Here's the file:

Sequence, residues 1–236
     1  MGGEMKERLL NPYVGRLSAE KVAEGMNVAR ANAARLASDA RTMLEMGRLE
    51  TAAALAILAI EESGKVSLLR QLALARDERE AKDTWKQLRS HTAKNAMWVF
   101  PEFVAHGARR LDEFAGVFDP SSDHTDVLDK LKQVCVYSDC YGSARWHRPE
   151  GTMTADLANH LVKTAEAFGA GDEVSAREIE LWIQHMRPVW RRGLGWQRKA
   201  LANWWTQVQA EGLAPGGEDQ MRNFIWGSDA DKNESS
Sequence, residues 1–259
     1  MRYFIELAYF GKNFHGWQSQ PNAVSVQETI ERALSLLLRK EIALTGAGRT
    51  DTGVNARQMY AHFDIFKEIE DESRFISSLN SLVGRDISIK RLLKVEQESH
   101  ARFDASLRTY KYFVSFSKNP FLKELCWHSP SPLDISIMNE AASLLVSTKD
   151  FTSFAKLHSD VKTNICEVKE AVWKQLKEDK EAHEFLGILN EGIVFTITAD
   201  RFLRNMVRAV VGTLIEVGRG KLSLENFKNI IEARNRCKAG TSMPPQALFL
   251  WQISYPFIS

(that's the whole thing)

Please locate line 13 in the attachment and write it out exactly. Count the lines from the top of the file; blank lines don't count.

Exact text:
   251  WQISYPFIS